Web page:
Since I bought Resharper, it’s been nagging me to use var in my declarations, so I  have acquiesced. Today that paid off. I had to refactor something which caused a few type changes. It was so much easier to deal with because I used var instead of writing out the declaration the old way, there were just fewer changes. I’m now a complete convert to var, thanks Resharper.

Don’t Forget Your Place

It’s easy to get wrapped up in the technology you use, thinking everyone is using it because everyone you interact with is using it. But when you back up and look at the bigger picture (which you should do), you may not be where you think you are. Tiobe Software creates a monthly Programming Community Index rating the use of programming languages. Our beloved C# comes in a number 6, behind (Visual) Basic of all things! I’m not really surprised by the leading languages (Java, C, C++), and it shows that while Microsoft is strong in the marketplace, it’s development tools and technologies are not leading the pack. But when looking at the charts over time, two of those leading languages have been declining in use for many years. C and (Visual) Basic have been consistent for a long time, and C# has been growing. I think the programming landscape has been fragmenting, the dynamic languages like Ruby and Python are gaining more mainstream acceptance each year, and the popularity of new platforms like mobile phones is going to keep changing that landscape.

So does that mean my choice of Microsoft as a platform isn’t the best choice? Hard to say, but I believe it’s a solid, reliable choice. I certainly think that it’s getting harder and harder to be specialized in any one language. Employable developers are going to need many programming tools in their tool chest. The end result is that fewer developers will truly be an expert with their tools, but will be good enough to get some work done. I don’t believe this bodes well for software quality going forward. There is already too much to know and be good at, I certainly struggle with this problem myself. As a consultant, learning lots of different tools is a necessity, so I will continue to keep working towards expertise in the tools I know, and not letting my interests get too fragmented.

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Cloud Services for Developers

This table is just a quick comparison for the types of services that the major cloud providers offer as of the posting date. This is by no means a comprehensive comparison, as I am sure there are other providers and types of services I’m not listing. And I’m not being feature or platform specific either. For instance I realize that Google’s App Engine and Windows Azure don’t allow for the same development platforms. But they do provide a similar service at a high level. Also I’m sure the features for each category vary by provider.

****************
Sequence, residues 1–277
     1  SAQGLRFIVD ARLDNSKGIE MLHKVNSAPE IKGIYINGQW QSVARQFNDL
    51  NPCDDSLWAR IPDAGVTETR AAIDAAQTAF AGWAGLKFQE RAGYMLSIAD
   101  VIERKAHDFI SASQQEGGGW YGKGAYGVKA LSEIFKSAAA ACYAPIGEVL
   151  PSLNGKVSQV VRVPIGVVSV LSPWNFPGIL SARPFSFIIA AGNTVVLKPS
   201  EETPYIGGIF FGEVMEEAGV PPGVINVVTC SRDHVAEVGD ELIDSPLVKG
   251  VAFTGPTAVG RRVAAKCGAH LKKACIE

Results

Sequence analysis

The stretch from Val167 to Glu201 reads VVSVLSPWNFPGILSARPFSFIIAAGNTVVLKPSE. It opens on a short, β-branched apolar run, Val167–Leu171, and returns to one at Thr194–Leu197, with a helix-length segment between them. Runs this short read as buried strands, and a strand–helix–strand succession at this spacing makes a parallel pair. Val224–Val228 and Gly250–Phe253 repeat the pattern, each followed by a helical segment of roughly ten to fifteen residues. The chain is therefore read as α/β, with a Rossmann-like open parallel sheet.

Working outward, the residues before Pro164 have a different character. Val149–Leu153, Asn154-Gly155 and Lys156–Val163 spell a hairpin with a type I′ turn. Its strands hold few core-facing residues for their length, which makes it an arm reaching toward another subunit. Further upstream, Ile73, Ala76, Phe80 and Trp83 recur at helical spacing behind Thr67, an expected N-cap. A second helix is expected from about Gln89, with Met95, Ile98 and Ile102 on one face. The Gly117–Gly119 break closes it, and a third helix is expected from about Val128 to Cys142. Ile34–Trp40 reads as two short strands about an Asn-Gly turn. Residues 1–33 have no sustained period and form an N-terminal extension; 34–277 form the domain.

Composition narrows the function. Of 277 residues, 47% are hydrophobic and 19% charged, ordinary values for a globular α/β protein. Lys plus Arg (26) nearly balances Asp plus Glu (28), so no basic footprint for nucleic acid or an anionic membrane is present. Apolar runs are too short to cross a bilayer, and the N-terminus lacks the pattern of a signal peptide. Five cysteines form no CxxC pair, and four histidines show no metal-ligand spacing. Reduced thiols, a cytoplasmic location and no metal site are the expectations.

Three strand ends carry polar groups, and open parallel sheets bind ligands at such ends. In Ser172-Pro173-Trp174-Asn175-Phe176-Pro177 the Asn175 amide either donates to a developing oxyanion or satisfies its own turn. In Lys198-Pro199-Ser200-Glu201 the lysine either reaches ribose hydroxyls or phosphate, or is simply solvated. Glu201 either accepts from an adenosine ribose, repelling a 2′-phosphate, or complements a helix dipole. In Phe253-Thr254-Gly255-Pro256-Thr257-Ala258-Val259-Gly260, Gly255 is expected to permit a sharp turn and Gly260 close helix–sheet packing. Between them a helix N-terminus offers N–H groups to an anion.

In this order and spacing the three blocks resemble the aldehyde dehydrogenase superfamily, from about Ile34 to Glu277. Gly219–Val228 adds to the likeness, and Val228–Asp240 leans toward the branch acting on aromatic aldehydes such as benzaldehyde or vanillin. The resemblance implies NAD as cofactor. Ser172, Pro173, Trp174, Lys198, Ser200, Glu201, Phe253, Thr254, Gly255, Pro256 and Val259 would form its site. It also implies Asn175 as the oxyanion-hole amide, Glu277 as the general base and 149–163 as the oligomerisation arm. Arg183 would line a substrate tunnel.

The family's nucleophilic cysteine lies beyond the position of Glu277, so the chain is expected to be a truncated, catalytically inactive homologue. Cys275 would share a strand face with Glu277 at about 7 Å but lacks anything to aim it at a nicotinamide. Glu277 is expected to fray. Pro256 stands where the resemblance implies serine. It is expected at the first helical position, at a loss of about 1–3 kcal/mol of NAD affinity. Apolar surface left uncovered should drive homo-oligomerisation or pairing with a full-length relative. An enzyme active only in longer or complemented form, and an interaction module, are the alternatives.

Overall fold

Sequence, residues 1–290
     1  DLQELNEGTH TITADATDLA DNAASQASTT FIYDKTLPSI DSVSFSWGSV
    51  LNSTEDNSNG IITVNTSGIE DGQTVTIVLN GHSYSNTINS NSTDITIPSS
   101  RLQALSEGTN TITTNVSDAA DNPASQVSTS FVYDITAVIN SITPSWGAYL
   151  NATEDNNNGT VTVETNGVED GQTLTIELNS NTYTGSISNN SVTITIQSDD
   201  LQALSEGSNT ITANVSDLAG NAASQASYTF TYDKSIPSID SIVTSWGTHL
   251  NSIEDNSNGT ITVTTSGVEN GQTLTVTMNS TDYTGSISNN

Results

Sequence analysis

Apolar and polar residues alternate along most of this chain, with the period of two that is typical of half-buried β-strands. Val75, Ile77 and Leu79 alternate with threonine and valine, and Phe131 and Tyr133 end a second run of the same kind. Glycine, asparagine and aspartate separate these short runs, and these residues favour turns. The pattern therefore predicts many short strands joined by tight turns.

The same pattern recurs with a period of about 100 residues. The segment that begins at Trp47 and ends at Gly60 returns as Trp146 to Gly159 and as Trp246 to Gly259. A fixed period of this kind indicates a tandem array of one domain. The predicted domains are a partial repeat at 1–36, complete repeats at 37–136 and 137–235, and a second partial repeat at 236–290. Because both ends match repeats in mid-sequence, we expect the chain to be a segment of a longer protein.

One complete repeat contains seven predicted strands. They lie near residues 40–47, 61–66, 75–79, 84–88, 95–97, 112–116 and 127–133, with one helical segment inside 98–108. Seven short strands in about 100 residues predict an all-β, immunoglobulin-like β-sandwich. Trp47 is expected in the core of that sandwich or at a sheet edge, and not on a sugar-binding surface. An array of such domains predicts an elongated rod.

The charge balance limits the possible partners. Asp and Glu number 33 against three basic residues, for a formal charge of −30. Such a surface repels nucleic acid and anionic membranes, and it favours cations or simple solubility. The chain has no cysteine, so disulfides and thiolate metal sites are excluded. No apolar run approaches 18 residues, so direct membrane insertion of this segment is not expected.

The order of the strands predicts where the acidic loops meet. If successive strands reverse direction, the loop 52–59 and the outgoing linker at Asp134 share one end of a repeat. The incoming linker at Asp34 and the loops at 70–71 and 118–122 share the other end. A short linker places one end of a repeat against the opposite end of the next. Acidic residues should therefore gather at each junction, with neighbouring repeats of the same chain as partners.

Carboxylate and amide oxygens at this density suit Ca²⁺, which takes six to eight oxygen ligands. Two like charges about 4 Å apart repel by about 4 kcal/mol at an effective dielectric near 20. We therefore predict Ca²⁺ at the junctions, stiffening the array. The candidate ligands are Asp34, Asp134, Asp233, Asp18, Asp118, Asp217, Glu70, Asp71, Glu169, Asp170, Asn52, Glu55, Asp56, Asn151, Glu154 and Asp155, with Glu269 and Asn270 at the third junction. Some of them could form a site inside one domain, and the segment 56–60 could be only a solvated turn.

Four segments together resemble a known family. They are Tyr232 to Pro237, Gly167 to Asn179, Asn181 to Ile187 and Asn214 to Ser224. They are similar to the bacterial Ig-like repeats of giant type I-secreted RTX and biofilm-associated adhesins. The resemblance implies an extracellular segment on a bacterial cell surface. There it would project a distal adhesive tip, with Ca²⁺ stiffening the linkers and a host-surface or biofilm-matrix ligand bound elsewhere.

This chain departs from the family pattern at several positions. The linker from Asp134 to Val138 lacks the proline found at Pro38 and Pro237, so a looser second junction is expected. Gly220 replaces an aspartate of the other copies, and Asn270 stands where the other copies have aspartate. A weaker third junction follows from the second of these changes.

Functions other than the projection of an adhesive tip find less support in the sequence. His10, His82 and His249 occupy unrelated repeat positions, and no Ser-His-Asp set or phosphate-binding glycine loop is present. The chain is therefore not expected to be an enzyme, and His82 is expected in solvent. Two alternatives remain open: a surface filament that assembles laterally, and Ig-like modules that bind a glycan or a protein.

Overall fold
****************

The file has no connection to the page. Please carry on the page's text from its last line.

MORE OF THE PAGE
Microsoft Amazon Google Rackspace
App Platform Azure   App Engine Cloud Sites
Relational DB SQLAzure RDS   Cloud Sites
Blob Storage Azure S3 App Engine Cloud Files
Table Storage Azure SimpleDB App Engine  
Pure VM planned EC2   Cloud Servers
CDN Azure CDN Cloudfront   Cloud Files
Queue Azure SQS App Engine  
On-Premise planned   App Engine Open Stack
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Staying with the Fire Hose

At the recent Ann Arbor Day of .Net, my colleague David Giard arranged an excellent panel discussion with Jim Holmes, Mike Eaton, Jay Harris, Patrick Steele, and Jason Follas, about keeping current with the stream of constantly evolving technology with which we work (aka the Fire Hose). I felt this was one of the best sessions of the day, the audience was very engaged with the panel. It definitely ended too soon. *Update* David Giard posted a video of the discussion on his Technology and Friends webcast.

One of the discussion points revolved around training. I think a couple points were pretty clear from the discussion:

  1. Companies don’t provide enough or the right training
  2. You own your career, it’s up to you to get the training you need.

One of the discussion points that I wanted to contribute, was that the existence of Day of .Net is partly driven as a reaction by the community to the two points above. We attend these conferences to learn (among other things) just enough about new technologies so we can effectively evaluate them and see if they fit into our day-to-day jobs or personal interests. Traditional training methods (books, classroom training, CTBs) seem to be falling further and further behind as the fire hose continues to flow faster and faster. We are at the conference to get some of the training we need, because it’s not available any other way.

Technical Books